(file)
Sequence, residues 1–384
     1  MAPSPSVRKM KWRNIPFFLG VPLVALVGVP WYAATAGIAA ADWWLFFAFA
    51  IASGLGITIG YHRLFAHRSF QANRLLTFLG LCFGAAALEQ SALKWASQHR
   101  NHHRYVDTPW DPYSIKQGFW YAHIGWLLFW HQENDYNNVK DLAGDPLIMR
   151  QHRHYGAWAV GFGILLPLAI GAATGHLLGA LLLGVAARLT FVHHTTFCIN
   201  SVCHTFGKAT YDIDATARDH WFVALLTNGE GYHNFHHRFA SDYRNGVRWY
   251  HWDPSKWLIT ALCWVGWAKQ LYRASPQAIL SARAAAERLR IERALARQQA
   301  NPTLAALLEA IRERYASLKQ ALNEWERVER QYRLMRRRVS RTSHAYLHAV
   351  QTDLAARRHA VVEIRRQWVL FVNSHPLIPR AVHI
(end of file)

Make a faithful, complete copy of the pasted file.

Sequence, residues 1–384
     1  MAPSPSVRKM KWRNIPFFLG VPLVALVGVP WYAATAGIAA ADWWLFFAFA
    51  IASGLGITIG YHRLFAHRSF QANRLLTFLG LCFGAAALEQ SALKWASQHR
   101  NHHRYVDTPW DPYSIKQGFW YAHIGWLLFW HQENDYNNVK DLAGDPLIMR
   151  QHRHYGAWAV GFGILLPLAI GAATGHLLGA LLLGVAARLT FVHHTTFCIN
   201  SVCHTFGKAT YDIDATARDH WFVALLTNGE GYHNFHHRFA SDYRNGVRWY
   251  HWDPSKWLIT ALCWVGWAKQ LYRASPQAIL SARAAAERLR IERALARQQA
   301  NPTLAALLEA IRERYASLKQ ALNEWERVER QYRLMRRRVS RTSHAYLHAV
   351  QTDLAARRHA VVEIRRQWVL FVNSHPLIPR AVHI